Economist's study questions global pollution control practices

by Gail Hinchion Mancini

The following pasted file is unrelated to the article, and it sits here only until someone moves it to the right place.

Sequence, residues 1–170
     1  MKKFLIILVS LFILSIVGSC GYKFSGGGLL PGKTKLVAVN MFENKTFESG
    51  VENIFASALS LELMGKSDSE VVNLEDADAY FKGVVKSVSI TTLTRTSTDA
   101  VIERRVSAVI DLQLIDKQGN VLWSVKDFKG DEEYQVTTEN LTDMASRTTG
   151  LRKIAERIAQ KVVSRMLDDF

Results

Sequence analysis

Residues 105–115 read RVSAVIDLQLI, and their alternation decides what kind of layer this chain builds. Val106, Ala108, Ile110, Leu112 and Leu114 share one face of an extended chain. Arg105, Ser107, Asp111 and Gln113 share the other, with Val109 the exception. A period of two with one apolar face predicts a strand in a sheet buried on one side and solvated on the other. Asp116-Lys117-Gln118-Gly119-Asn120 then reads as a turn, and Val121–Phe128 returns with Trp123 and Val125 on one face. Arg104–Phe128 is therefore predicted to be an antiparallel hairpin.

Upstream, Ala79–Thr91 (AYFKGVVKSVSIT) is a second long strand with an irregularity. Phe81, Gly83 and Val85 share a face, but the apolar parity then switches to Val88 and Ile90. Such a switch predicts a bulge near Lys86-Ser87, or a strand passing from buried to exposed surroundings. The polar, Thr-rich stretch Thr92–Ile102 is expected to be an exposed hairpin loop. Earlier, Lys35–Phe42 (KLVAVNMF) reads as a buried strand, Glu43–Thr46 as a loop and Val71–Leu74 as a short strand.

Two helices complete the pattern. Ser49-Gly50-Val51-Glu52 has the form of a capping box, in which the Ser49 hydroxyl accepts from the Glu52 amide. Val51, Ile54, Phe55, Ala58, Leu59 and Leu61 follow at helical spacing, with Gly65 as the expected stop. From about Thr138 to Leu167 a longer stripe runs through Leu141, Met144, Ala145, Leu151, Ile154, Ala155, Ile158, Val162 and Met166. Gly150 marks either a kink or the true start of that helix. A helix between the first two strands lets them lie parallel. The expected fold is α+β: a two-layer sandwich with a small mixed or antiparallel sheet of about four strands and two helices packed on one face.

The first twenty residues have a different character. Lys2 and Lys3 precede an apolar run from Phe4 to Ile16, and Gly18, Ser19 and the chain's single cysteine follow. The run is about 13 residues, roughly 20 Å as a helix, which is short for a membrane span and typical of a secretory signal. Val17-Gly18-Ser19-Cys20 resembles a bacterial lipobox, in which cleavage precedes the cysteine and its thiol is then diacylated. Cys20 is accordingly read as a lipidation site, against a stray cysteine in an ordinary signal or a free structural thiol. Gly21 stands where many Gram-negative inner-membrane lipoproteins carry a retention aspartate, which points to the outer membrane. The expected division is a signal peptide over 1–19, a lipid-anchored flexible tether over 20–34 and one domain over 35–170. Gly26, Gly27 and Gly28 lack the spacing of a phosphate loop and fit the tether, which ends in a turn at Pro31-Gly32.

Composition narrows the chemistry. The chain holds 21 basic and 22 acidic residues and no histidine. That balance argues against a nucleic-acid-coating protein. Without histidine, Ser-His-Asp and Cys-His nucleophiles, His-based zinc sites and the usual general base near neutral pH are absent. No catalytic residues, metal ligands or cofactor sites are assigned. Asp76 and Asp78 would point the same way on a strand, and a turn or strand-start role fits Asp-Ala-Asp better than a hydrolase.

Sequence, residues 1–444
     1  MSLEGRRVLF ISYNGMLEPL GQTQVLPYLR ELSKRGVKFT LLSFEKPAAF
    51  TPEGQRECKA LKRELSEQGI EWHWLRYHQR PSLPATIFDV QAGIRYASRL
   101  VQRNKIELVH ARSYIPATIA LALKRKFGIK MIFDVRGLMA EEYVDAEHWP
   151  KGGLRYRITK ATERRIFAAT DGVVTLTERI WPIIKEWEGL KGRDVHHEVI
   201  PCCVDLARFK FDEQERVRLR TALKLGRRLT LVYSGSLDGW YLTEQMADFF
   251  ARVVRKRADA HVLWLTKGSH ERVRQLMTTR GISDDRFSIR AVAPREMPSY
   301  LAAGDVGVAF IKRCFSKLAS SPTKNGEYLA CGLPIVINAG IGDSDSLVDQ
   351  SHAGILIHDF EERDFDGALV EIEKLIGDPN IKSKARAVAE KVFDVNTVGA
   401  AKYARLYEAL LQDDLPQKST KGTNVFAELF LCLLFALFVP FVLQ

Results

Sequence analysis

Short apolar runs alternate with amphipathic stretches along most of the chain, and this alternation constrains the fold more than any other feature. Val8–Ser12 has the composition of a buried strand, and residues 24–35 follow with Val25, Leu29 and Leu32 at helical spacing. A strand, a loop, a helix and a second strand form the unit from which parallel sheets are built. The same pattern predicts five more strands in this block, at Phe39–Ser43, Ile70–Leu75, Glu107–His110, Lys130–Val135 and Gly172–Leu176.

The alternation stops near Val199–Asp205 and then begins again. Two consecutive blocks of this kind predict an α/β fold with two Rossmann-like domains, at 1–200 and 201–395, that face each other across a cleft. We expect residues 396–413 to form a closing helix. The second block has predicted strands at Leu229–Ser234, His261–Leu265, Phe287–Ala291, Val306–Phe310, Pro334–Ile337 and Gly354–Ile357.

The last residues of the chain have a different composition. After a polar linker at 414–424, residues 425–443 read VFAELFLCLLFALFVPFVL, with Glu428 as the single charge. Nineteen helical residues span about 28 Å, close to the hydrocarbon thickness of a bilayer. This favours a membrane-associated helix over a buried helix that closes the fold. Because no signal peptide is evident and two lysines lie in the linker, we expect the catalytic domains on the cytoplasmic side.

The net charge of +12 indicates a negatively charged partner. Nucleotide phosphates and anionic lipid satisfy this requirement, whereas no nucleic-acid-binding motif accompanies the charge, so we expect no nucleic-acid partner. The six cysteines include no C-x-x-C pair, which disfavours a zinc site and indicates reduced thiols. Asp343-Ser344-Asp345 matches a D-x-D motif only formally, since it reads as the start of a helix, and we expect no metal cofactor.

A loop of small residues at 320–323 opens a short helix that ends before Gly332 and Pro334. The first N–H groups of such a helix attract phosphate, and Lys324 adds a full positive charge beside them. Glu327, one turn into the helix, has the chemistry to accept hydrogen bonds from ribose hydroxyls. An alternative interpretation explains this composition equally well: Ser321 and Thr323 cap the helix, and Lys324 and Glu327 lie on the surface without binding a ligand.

Providing financial incentives to developing nations to curb transnational pollution may hurt more than help, unless the incentives are tied to more stringent emission standards, according to research by Richard A. Jensen, chair and professor of economics at the University of Notre Dame.p. In a study recently published in the Journal of Environmental Economics and Management, Jensen and coauthor Paul E. Chambers of Central Missouri State University use game theory to examine systems in which prosperous nations provide developing nations with pollution abatement support, but fail to link those incentives to emission reduction standards. These abatement plans forego tough standards out of concern that developing nations have neither the political will nor capability to meet them.p.

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